Functional characterization of small Maf transcription factors MafG and MafK in mammalian lens homeostasis

Agrawal, Smriti Akshay
Journal Title
Journal ISSN
Volume Title
University of Delaware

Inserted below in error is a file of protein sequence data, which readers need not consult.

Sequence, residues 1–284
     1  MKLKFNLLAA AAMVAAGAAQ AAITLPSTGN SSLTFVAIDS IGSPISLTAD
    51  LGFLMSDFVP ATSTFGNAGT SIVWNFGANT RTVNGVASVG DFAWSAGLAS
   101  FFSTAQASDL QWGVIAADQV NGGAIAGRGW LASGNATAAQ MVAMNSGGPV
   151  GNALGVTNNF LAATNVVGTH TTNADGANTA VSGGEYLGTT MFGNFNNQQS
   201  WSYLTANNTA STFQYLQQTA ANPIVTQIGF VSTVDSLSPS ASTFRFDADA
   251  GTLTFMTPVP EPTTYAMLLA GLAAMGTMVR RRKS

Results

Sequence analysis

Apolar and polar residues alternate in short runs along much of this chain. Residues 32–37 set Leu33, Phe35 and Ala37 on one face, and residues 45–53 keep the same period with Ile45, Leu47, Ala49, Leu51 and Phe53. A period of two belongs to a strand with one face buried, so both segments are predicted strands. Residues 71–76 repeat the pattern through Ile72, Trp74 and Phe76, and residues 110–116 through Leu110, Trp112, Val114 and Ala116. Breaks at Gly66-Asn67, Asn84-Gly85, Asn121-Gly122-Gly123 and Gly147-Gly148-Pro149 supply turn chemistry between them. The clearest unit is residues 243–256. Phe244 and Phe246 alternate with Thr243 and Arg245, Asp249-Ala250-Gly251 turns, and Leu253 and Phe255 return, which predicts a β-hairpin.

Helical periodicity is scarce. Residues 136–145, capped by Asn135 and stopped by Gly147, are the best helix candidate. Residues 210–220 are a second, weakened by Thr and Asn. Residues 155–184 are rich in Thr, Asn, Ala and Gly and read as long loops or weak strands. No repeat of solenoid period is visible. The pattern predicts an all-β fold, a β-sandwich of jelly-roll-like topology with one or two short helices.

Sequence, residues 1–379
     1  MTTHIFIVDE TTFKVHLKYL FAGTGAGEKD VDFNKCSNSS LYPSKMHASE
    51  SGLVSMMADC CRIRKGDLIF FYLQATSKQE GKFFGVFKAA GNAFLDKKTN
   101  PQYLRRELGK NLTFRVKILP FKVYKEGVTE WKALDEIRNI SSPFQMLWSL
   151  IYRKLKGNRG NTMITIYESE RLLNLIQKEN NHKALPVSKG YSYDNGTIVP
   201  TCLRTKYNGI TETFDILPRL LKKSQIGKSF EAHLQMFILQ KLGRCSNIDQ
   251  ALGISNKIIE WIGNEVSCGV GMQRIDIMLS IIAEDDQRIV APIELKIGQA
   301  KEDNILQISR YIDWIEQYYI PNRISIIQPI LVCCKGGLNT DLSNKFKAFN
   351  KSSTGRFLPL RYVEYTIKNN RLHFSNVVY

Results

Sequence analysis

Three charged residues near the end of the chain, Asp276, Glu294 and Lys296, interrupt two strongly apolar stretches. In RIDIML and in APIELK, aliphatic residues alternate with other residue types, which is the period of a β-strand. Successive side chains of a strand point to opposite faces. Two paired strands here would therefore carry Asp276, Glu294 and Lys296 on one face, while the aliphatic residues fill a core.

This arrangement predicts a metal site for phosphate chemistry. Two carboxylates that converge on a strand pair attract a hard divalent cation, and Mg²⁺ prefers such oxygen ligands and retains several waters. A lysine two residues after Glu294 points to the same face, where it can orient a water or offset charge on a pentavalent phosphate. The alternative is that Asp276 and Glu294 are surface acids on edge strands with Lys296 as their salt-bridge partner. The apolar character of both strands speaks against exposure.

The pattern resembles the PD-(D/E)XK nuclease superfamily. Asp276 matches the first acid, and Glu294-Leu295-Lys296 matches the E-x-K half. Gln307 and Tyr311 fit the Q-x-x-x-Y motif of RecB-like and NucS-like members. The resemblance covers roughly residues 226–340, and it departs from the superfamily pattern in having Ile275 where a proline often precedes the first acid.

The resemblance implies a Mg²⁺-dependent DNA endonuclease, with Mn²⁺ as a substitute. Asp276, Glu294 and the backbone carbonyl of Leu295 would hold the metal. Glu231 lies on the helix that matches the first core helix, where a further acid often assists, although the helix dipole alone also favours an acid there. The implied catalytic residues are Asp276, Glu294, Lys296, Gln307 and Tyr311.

In my thesis, I have identified and characterized a new function of the small Maf transcription factors MafG and MafK in regulating gene expression in mouse lens fiber cells, disruption of which causes lens defects including cataract. I used the bioinformatics tool iSyTE (integrated Systems Tool for Eye gene discovery, to first identify MafG as a candidate gene with highly enriched expression in the lens. I analyzed iSyTE for expression of MafG, MafK , and MafF and performed real time quantitative RT-PCR to test expression of these genes in postnatal lens tissue. While MafG exhibits highly enriched expression in embryonic and postnatal lens, MafK is expressed in these stages, albeit at low levels and MafF expression is undetected in the lens, indicating that MafG and MafK may function in lens development or homeostasis. In situ expression analysis of wild type embryonic mouse lens confirmed the highly enriched expression of MafG transcripts in lens fiber cells. Thus, to investigate the function of MafG and MafK in the lens, I bred previously generated germline knock-out mouse mutants to derive various combinations of MafG and MafK compound mutant mice. MafG-/- :MafK +/- compound mouse mutants exhibit fully penetrant lens defects, including smaller lens (evident postnatal day 60 (P60) and later), a subset of which develop severe cataract (evident P120 and later). To gain insight into the molecular changes underlying these lens defects in MafG-/-:MafK+/- mice, I performed microarray-based transcript profiling analysis on MafG-/- :MafK+/- mutant and control lens at 2 month age, prior to development of cataract phenotype, and identified altered expression of several genes functional in distinct cell response pathways such as DNA damage response, cell cycle regulation, and apoptosis. At 1.5-fold levels, 949 genes were found to be up- or down-regulated in MafG -/- :MafK+/- mutant lens. Among other pathways, stress response genes such as Hsp27, Hmox1 and Ddit3 were mis-regulated in MafG-/- :MafK +/- mutant lens. In silico analyses of genomic regions surrounding a subset of these target genes identified conserved ARE (Antioxidant Response Element) cis-regulatory binding sites recognized by MafG/K and Cap n' Collar (CNC)/Bach heterodimers. Furthermore, I performed an integrated analysis based on iSyTE data on lens-enrichment or lens expression, as well as previously published ChIP (Chromatin Immuno-Precipitation) data on Nrf2, a small Maf binding partner, to identify genes with anti-oxidant response elements (ARE) to prioritize candidates from the extensive list of differentially regulated genes in MafG-/- :MafK+/- mutant lens. This analysis led to the identification of 24 genes that are promising direct targets of MafG/MafK and their co-regulatory protein partners in the lens. In sum, my thesis research has led to the identification and functional characterization of the transcription factors MafG and MafK in regulation of gene expression that control diverse pathways functional in stress response, apoptosis, and cell cycle regulation in lens fiber cells. Moreover, my research demonstrates that deficiency of these genes in a compound mouse mutant model causes severe lens fiber cell defects, including cataract. These findings imply MafG and MafK as important new candidate genes for further examination in human cataract patients. (Abstract shortened by UMI.)